The Flying Tigers Exhibit Opens Soon at the Pacific Aviation Museum

A Curtiss P-40 E Flying Tiger, which was one of the most popular and successful American aircraft of WWII, joined the aircraft collection at Pacific Aviation Museum Pearl Harbor in July of 2010 and has become the centerpiece of a new “The Flying Tigers” exhibit which officially opens Thursday, October 27, 5:00 to 7:30PM, with a dedication and gala reception, by invitation to press and dignitaries.

A Flying Tiger

The event will also feature a special tribute to Senator Ted Stevens, who was a lieutenant in the U.S. Army Air Force and flew the P-40s in China, 1944 and 1945.

The P-40 is on loan to the Museum from donor corporation FedEx. At a $1.5 million value, the aircraft is preserved in flying condition and is powered up periodically at the Museum. The Museum worked with the Flying Tiger Museum in China to create the exhibit, coordinating efforts among the state of Hawaii, the Museum, and the People’s Republic of China.

Built in 1942 for the Royal Canadian Air Force and used primarily for training during WWII, the aircraft changed ownership before being shipped to Hawaii in 1969 to be used in the filming of Tora! Tora! Tora!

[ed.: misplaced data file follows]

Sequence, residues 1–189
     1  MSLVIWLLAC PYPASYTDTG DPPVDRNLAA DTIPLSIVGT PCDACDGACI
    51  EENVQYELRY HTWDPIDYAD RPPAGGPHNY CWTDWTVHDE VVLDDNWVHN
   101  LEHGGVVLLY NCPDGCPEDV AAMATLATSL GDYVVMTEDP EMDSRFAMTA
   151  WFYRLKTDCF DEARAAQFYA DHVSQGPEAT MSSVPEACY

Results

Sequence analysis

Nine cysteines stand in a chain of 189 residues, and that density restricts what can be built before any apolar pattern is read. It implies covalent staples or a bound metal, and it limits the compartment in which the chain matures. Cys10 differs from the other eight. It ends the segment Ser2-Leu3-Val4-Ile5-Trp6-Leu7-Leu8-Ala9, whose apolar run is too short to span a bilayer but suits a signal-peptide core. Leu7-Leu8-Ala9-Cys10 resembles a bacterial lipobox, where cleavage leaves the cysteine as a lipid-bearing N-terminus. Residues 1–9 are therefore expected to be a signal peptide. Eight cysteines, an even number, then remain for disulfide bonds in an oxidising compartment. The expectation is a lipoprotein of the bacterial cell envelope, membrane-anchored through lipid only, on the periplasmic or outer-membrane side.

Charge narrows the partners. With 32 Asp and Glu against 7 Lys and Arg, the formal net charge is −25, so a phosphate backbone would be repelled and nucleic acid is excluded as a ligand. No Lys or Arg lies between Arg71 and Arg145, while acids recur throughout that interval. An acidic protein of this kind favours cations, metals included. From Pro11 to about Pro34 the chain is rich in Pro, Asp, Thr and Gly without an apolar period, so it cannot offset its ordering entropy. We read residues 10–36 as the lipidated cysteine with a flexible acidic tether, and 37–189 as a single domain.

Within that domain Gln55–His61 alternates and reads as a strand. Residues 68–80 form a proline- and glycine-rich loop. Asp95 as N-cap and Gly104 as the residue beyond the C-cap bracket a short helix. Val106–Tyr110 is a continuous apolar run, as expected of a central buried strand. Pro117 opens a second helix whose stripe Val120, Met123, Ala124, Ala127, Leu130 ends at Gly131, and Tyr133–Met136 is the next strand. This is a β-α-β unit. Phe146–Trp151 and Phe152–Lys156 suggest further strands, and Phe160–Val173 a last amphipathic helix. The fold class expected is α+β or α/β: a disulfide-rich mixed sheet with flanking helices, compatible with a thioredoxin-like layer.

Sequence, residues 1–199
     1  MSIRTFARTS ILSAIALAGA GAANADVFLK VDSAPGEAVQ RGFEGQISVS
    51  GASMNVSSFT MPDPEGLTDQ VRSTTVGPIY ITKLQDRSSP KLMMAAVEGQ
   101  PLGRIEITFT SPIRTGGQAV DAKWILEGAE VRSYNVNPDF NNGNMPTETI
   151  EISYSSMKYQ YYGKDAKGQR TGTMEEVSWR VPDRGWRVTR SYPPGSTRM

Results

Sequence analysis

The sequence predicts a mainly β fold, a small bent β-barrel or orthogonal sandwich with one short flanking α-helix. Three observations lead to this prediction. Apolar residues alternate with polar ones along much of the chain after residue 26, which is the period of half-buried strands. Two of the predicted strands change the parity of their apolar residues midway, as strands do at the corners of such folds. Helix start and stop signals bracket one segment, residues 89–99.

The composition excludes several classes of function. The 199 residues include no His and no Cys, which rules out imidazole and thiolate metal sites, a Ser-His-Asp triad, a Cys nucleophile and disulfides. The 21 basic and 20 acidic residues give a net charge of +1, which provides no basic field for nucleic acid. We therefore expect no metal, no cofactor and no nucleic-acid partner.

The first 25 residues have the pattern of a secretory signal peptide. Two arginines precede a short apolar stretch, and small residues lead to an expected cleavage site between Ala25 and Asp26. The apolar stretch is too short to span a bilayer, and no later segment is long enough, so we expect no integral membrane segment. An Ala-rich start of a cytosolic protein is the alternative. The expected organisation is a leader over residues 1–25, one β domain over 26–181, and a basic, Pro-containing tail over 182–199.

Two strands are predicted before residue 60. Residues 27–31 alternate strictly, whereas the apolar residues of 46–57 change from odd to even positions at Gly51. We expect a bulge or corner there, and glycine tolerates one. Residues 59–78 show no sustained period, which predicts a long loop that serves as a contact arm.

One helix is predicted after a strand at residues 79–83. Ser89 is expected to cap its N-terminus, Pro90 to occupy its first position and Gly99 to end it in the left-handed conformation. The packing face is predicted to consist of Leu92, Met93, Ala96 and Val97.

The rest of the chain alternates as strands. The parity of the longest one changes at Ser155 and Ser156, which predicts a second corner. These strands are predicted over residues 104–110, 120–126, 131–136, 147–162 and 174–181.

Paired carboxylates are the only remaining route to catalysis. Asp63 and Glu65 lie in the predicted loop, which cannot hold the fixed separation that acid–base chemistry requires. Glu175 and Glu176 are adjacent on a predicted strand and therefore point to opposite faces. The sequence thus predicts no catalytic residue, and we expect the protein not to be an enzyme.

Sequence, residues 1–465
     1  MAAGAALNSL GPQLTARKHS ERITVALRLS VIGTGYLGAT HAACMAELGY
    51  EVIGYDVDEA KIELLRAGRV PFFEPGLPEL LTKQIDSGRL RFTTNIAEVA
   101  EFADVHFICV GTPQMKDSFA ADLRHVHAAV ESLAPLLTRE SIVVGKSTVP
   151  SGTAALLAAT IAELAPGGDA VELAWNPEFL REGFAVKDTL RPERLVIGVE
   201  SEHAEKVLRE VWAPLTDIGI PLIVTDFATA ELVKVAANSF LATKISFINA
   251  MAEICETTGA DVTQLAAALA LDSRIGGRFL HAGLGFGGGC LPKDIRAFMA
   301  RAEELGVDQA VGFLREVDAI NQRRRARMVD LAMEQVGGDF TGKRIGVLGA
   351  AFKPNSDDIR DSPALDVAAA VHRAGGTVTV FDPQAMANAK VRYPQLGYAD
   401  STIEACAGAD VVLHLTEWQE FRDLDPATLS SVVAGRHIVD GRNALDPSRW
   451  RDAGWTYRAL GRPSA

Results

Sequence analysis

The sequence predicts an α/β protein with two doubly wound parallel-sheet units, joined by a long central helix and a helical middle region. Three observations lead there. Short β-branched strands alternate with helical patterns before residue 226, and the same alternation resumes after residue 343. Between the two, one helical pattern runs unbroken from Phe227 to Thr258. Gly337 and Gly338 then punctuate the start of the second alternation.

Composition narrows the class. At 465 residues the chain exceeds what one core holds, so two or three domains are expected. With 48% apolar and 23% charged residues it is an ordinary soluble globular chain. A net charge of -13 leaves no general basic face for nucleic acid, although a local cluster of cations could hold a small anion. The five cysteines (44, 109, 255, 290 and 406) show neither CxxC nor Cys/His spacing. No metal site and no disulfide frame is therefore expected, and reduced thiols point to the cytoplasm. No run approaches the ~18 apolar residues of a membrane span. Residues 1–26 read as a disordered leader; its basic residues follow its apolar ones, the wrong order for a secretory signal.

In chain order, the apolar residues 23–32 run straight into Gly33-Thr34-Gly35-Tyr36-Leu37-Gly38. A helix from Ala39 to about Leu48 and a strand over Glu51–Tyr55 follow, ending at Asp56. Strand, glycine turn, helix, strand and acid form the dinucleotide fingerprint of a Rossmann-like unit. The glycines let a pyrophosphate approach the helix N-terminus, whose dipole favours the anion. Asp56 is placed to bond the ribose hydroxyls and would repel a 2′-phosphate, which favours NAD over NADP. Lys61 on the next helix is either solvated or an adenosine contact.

The aircraft is a memorial to Flying Tiger Line founder American Volunteer Group (AVG) ace Robert Prescott, and the Flying Tigers in China, which consisted of AVG pilots recruited from U.S. Forces and contracted with the Nationalist Chinese Air Force. The Tigers are credited with 299 confirmed enemy aircraft destroyed during their service from 1941~1942. The Museum’s P-40 is signed by many of the Flying Tigers. They signed the left (AVG pilots) and right (AVG support crew) horizontal tail assembly during a reunion in 1981.

According to Executive Director Kenneth DeHoff, “More than 14,000 P-40 aircraft were built during WWII. Although often slower and less maneuverable than its counterparts, the P-40 could withstand amazing amounts of battle damage and could out-dive most of its adversaries. It’s the aircraft in our logo and now, the star of an exceptional new exhibit. We’re thankful to the generosity of donor corporation FedEx and their Chairman/CEO Fred Smith.”

The P-40 carried a crew of one and was powered by an Allison V-1710 engine, which was replaced by a “115” engine during the restoration project in 1981 and has 65 total hours. Made by the Curtiss-Wright Corporation, the P-40 has a top speed of 362 mph. The number 67 on the plane represents the original number 67 which crashed early, and was not designated to any one pilot. A red stripe on the rear fuselage represents the Third Pursuit Squadron, “Hells Angels.” An insignia on the wings represents the Chinese Air Force. The propeller was purchased from Smithsonian Repair.

Pacific Aviation Museum Pearl Harbor is a 501(c) 3 nonprofit organization. Rated the “One of the top 10 aviation attractions in the nation” by TripAdvisor®, it is open 9am to 5pm daily and is accessed by shuttles from the USS Arizona Memorial/Pearl Harbor Visitor Center. Tickets and a free combat simulator flight coupon are available online at www.PacificAviationMuseum.org. 808/441-1000.

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